The study of structural features, diversity and commonalities of the world's languages.

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67 views

What sub-field in linguistics should I study to help me learn foreign languages?

I'm interested in languages and linguistics, can speak a few languages (English, French, Mandarin, some German, Japanese, and Esperanto) and would like to eventually learn more (Japanese, Spanish, ...
2
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2answers
76 views

Is there a good introduction to subjectivity in language?

Since the topic of "subjectivity in language" is all new to me, I am looking for an introduction to the topic that 1) gives an overview of the phenomena usually associated with the topic ...
3
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2answers
235 views

English verbs - how many types/classifications?

I've been looking at English to help my teen out, readying for college. Didn't realise how little I knew. In this specific case, I'm stuck with the large number of types of verb - finite/infinite, ...
2
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1answer
156 views

Does subject precede object in all natural languages?

From here : English and Chinese, for example, put the subject first, the verb in the middle, and the object at the end for an SVO word order. Irish and Biblical Hebrew are VSO languages that ...
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1answer
49 views

Is this nominal suffix more inflectional or derivational?

So, I'm working on this conlang as part of my work and the deliverable is a simple grammar. To facilitate reference, I've divided up the suffixes between inflectional and derivational forms. But of ...
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3answers
124 views

Pro-Drop Typology in Indo-European Languages

A different question made me wonder what is the norm for Indo-European with regard to pro-drop? I know Italic languages generally do it, while Germanic languages generally don't. What about the rest ...
2
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1answer
78 views

Evidentiality: Aspect or Modality?

I was curious about evidentiality. In Turkish, evidentiality can be seen as {-mIş} suffix, but English does not have any suffix to express. Take a look at this sentence: Babası ona yeni ayakkabı ...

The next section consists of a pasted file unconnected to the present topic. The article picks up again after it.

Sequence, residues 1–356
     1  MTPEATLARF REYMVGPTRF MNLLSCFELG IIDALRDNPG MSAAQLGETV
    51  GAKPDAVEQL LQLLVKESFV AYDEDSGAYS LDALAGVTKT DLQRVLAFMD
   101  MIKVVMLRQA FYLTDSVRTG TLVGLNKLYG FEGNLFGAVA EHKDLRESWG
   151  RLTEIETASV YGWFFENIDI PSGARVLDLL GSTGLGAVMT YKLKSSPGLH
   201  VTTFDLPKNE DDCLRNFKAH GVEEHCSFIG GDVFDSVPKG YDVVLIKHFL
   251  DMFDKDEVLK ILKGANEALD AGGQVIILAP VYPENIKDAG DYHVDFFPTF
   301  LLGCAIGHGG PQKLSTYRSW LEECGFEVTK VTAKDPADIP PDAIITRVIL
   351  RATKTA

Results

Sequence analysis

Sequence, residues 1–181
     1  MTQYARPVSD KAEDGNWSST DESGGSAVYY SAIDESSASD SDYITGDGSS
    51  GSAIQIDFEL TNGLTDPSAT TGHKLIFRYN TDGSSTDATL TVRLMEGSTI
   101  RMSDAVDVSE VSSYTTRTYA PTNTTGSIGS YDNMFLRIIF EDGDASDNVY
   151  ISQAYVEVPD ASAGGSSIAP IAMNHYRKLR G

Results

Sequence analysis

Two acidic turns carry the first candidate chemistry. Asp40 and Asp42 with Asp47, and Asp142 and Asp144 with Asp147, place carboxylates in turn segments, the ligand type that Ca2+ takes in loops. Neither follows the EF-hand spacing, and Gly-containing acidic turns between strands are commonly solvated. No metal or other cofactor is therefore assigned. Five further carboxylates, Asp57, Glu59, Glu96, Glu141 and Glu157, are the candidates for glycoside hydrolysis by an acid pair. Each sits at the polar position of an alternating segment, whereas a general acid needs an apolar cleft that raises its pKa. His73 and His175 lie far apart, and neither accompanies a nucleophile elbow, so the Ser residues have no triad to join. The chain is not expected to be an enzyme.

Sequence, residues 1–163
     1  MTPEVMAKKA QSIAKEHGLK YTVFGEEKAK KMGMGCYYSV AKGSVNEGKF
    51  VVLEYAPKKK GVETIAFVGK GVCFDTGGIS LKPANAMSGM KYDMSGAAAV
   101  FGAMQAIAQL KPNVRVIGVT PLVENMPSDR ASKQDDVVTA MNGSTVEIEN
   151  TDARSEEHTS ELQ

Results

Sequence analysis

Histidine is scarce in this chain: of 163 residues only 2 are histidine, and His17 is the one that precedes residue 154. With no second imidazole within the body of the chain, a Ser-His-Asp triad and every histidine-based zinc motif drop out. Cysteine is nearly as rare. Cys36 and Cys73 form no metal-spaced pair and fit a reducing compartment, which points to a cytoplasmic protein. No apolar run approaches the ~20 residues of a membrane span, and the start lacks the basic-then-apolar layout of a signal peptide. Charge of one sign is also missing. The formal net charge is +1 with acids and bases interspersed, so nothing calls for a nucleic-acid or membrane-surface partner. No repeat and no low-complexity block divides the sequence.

4
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3answers
136 views

Which languages use possessive adjectives as their primary way of expressing possession?

By "possessive adjective" here I mean a fully productive form which is derived from a noun, inflected like an adjective (including agreeing with its head noun in whatever categories other adjectives ...
4
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0answers
98 views

What is known or believed about the origin of Semitic-type root-and-template morphology?

How does nonconcatenative morphology of the Semitic type (consonantal roots, vocalic templates + affixes) arise diachronically? It's pretty easy to see how a nonconcatenative inflectional system ...
2
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0answers
47 views

Is there a way to distinguish habitualis from generic interpretation?

I'm looking for a way to classify a given sentence as either habitualis or generic in a language where neither is a grammatical category. Thus, it should be a some semantic feature of the sentence. ...
2
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1answer
71 views

Alternatives to the Perfect Aspect

In English and (at least a portion of) other Indo-European languages the perfect aspect's foremost role is that of a discourse marker, marking prior events (or events beginning in the past and ...
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0answers
113 views

Across languages that have adjectives, what are the most common grammatical inflections for adjectives?

Not all languages have adjectives; some use adjectival nouns ("red.one" instead of "red") and/or stative verbs ("be.red" instead of "red"). Among languages that have adjectives, not all allow ...
2
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1answer
114 views

Root reduplication to mean singular

In different languages reduplication of the root serves as a means to express plurality (Malay 'orang' - 'a person', 'orang-orang' - 'people') or a greater degree (Russian 'много' - 'many, much', ...
5
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1answer
408 views

Is Thai a stress- or syllable-timed language, and does it matter?

We are gearing up for the new semester at the Thai university where I teach English. One course I’ll be helping out with is on English pronunciation. In the unit on sentence stress, the course ...
6
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1answer
141 views

Languages with subordinate imperatives?

English does not allow an imperative to be used in a subordinate clause: Eat that pizza! *There's a pizza on the table, which eat! (="which I order you to eat") *I told you eat that pizza! (A ...
3
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2answers
128 views

The “affectee-subject HAVE” construction in English

English has a somewhat unusual construction exemplified by sentences like the following: He had his car stolen. He had his house repossessed. He's had three books published. These are different ...
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1answer
211 views

Classification of Relative Clauses in English